CHARDON, Ohio (AP) — Wearing a T-shirt with “killer” scrawled across it, a teenager cursed and gestured obscenely as he was given three life sentences Tuesday for shooting to death three students in an Ohio high school cafeteria.
T.J. Lane, 18, had pleaded guilty last month to shooting at students in February 2012 at Chardon High School, east of Cleveland. Investigators have said he admitted to the shooting but said he didn't know why he did it.
Before the case went to adult court last year, a juvenile court judge ruled that Lane was mentally competent to stand trial despite evidence he suffers from hallucinations, psychosis and fantasies.
Lane was defiant during the sentencing, smiling and smirking throughout, including while four relatives of victims spoke.
After he came in, he calmly unbuttoned his blue dress shirt to reveal the T-shirt reading “killer,” which the prosecutor noted was similar to one he wore during the shooting.
At one point, he swiveled around in his chair toward the gallery where his own family members and those of the slain teenagers were sitting and spoke suddenly, surprising even his lawyer.
“The hand that pulled the trigger that killed your sons now masturbates to the memory,” he said, then cursed at and raised his middle finger toward the victims' relatives.
A statement released later to local media by the court on the judge's behalf said that he wasn't aware of the shirt and that if he had noticed it he would have halted the proceedings and ordered Lane to wear proper attire.
A student who was wounded in the rampage dismissed Lane's outburst.
“He said it like a scared little boy and couldn't talk slow enough that anyone could understand him,” said Nate Mueller, who was nicked in the ear in the shooting.
Dina Parmertor, mother of victim Daniel, called Lane “a pathetic excuse for a human being” and wished upon him “an extremely, slow torturous death.” She said she has nightmares and her family has been physically sick over the crimes.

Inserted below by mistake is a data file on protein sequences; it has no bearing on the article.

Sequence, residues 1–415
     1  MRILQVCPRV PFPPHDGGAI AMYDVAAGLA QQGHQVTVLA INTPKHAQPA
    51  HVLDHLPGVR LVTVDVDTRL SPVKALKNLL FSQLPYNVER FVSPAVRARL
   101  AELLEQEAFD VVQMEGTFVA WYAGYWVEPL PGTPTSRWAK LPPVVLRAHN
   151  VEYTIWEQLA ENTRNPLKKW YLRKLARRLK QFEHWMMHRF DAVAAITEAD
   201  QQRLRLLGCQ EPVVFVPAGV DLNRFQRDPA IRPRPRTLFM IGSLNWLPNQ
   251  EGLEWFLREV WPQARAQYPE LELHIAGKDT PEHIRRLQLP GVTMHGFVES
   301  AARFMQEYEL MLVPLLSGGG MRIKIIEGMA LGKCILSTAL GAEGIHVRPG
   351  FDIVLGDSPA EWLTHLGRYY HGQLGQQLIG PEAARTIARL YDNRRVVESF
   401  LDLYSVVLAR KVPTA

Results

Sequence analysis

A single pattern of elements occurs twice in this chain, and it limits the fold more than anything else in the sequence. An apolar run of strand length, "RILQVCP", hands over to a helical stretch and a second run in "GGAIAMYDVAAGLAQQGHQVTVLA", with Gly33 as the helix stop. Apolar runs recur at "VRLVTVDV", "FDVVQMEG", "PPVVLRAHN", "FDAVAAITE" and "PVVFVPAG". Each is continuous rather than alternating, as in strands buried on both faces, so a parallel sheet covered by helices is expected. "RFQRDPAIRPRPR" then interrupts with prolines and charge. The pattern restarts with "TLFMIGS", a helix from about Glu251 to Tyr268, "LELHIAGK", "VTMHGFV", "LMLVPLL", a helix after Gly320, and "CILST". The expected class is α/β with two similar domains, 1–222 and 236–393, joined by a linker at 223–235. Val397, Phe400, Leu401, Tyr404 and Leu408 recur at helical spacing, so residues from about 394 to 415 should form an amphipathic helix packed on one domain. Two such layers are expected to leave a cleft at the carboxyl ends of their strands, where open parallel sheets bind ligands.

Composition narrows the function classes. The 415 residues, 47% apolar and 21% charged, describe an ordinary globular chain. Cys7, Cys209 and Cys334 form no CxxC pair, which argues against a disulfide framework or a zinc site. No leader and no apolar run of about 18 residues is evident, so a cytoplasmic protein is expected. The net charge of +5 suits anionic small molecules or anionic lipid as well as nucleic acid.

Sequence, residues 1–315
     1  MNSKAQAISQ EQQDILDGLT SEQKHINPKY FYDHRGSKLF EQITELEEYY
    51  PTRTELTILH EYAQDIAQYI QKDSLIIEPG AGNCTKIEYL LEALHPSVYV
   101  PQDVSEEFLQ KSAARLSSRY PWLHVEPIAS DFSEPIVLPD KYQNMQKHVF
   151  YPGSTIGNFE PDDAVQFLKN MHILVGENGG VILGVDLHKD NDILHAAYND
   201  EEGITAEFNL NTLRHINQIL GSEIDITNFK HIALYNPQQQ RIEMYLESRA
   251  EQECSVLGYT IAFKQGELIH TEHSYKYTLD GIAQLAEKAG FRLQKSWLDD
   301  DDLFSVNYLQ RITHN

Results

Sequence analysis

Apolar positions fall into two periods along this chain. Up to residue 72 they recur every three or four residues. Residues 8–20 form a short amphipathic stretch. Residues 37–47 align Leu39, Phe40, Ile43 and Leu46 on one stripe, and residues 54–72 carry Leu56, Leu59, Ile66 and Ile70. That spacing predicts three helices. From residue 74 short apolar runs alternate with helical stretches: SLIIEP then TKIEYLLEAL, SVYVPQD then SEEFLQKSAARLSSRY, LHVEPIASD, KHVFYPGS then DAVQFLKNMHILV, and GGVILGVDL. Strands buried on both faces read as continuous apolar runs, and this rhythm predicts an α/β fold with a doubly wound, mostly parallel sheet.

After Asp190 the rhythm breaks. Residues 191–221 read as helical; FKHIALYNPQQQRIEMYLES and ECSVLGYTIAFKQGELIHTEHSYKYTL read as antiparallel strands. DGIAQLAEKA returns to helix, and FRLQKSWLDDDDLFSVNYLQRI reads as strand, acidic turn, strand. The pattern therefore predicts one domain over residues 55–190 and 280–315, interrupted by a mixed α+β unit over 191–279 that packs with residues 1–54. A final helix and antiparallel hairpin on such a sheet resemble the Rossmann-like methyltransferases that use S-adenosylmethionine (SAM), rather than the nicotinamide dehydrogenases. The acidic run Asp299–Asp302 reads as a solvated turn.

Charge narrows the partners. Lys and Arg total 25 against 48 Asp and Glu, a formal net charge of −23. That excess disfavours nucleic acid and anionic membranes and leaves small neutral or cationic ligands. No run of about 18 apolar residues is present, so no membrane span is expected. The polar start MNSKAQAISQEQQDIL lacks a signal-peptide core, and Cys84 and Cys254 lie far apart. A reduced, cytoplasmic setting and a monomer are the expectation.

“From now on, he will only be a killer,” she said, as Lane's smile widened. “I want him to feel my anger toward him.”
Prosecutors say Lane took a .22-caliber pistol and a knife to the school and fired 10 shots at a group of students in the cafeteria. Daniel Parmertor and Demetrius Hewlin, both 16, and Russell King Jr., 17, were killed.
Lane was at Chardon waiting for a bus to the alternative school he attended, for students who haven't done well in traditional settings.
Six days before the rampage, Lane had sent a text message to his sister, who attended Chardon High school, and mentioned a school shooting, Geauga County Prosecutor James Flaiz disclosed after the sentencing. He gave no details about what the message said.
“The way the text message was phrased to his sister, I'm not sure she would have taken it as anything. I think only when you look at it in retrospect does it really have the impact that it does now,” Flaiz said.
Lane's sister, Sadie, was in the cafeteria the day of the shooting, and said outside the snow-swept courthouse that the brother she saw in court wasn't the one she remembers. She asked for prayers for her family.
“It may be hard for some to understand, but I love my brother and hope that whatever the sentencing in life takes him in the future, that he can touch others' lives in a positive way from the point of view that only he can give,” she said.
She spoke and left the courthouse before Flaiz addressed reporters.
Flaiz said he has a theory about the motive but wouldn't discuss it until he has a chance to meet with the families of victims and answer their questions.
Lane's courtroom behavior came as a surprise, he added.
“I am totally disgusted by that,” Flaiz said. “What he did today is consistent with what we thought of him all along.”
One of Lane's defense attorneys, Ian Friedman, also said he was caught off-guard by the comments. The defense had signaled earlier that Lane wouldn't speak in court and didn't want anyone to speak for him.
Lane had pleaded guilty last month to three counts of aggravated murder, two counts of attempted aggravated murder and one count of felonious assault.
Life imprisonment without parole was the maximum sentence Lane faced. He wasn't eligible for the death penalty because he was 17 at the time of the shootings. Relatives of the slain students indicated earlier they wanted Lane to get the maximum sentence.
In addition to three life sentences without chance of parole, Geauga County Common Pleas Judge David Fuhry also gave Lane sentences totaling 37 additional years for attempted murder and felonious assault and using a weapon in the crimes.
Associated Press freelance reporter John Coyne contributed to this report.